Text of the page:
Video clips make wonderful writing prompts, and (best of all) they bring new life and excitement into our writing workshop just when we need it most. I am always on the lookout for interesting clips which I save to Pinterest or just on my hard drive (some day, when I have five free minutes, I intend to organize them in folders with easy to search for labels), and I tag these with ideas for different types of prompts. The idea is to present my kids with a variety of writing options with which to try out a variety of writing skills. Here are some of my favorites:
I hope everyone had a great 4th of July! I spent the day yesterday procrastinating from unpacking, painting, and cleaning. The good news? I found some incredible sites for writing! My kids in the past have always been more interested in my writing lessons that have been centered around images. I decided to do a google search to find some interesting pictures that they could write from and I came across the mother lode!!!
"If you don't know about Luke Neff already, you MUST click here. His writing prompts are A-mazing! They are geared to the upper grades, but I can completely see some higher fourth graders or any fifth graders digging these prompts. For you younger grade teachers, I can see you getting some good ideas and adapting them to meet the needs of your kids. I spent hours yesterday going through his archived prompts. Again...A-mazing! I will definitely be using some of them next year in my writing block! If you are overwhelmed by the amount of writing prompts at my link above, here is a list of Luke's "most tried and true" writing prompts he uses. If you have the time though, it's worth going through the others as well. Of course, some of the prompts are way too difficult and/or not appropriate for the younger students, so use your best judgment! :) "
The Snapshot Writing Tool is designed to put students in a specific moment in time using a visual prompt such as a photo or video and then write about what you see? What you hear? What you smell? What you taste? and what you feel? Drawing upon all 5 senses.
The snapshot writing tool will really encourage your students create visual imagery within their writing, and they have a great deal of fun putting themselves in the perspective of the picture.
Students can either use a photo of their own anlongside the tool or alternately you can access my collection of 150 Amazing writing prompts here.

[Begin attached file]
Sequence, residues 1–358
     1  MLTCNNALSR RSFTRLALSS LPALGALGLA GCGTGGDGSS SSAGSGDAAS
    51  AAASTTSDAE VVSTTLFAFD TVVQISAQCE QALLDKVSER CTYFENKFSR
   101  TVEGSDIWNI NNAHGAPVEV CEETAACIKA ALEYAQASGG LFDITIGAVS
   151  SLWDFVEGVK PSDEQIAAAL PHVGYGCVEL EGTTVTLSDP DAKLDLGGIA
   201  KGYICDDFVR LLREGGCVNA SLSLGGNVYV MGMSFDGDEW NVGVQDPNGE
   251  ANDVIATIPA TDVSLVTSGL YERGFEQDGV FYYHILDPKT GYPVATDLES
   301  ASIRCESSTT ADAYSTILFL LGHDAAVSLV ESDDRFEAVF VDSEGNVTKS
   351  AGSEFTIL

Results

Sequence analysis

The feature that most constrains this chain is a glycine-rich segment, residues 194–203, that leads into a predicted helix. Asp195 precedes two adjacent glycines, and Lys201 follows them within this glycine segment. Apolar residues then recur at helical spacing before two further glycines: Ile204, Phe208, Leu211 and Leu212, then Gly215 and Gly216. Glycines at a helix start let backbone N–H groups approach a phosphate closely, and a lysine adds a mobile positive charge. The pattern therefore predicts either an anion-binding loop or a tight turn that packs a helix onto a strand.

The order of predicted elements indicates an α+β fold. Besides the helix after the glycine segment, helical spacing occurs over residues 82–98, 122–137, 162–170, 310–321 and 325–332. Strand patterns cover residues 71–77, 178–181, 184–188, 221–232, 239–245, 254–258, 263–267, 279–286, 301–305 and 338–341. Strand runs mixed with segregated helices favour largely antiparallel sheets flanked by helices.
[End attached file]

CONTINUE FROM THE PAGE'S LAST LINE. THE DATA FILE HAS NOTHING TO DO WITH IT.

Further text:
In a bid to build trust between her and her students, Schwartz thought up a lesson plan called "I Wish My Teacher Knew."
For the activity, Schwartz's third graders jot down a thought for their teacher, sharing something they'd like her to know about them.
"I let students determine if they would like to answer anonymously," she says. "I have found that most students are not only willing to include their name, but also enjoy sharing with the class. Even when what my students are sharing is sensitive in nature, most students want their classmates to know.
Dennis T OConnor's insight:
Writing teachers have a special window into the lives of their students. Develop the trust in your classroom and help your kids to write from the heart. What you'll learn about their lives will stay with you forever.
"During this first week of school, I wanted to inspire my students to be creative and have fun with their learning. In years past I have always struggled to make my writing lessons fun and engaging, yet productive. This is year I decided to introduce writing with the help of my favorite tech tool: Augmented Reality! "I gave the students a choice to pick one of the 10 different coloring pages from the app ColAR Mix, and use the image on the page as a prompt to write a creative story. There was only two rules for the assignment: 1. Have fun 2. Use your imagination "The students got started right away, some writing their story first, and some coloring. Many students were very excited about their stories saying, "Can I please share my story?!" This all happened because I gave the students a choice to create what they wanted and NOT what I wanted. "
- See more at: http://www.twoguysandsomeipads.com/2013/09/augmented-reality-to-inspire-creative.html#sthash.eeUegO2O.dpuf
Find an audio clip that relates to your story. Maybe it’s the sound of a train, or crickets, or rain falling on a sidewalk (YouTube is a good resource for this). Play the clip for about one minute before you begin writing. What rhythms do you hear? What metaphors can you pull out of the sound? What kind of atmosphere does the sound create? Wistful? Frustrating? Intense?
… and GO! Play the clip on repeat for 5 minutes while you write.
Today’s writing prompts are inspired by poetry but that doesn’t mean they have to inspire a poem. Use them to write anything you want; a short story, a blog post, a journal entry, or a freewrite. You might even try writing a song, keeping in mind that song lyrics are a type of poetry in their own right.
Prompts are handy tools. Students should learn how to write from prompts. However, never slam the door shut on a student generated topic. Instead encourage students to generate their own prompts whenever they can.
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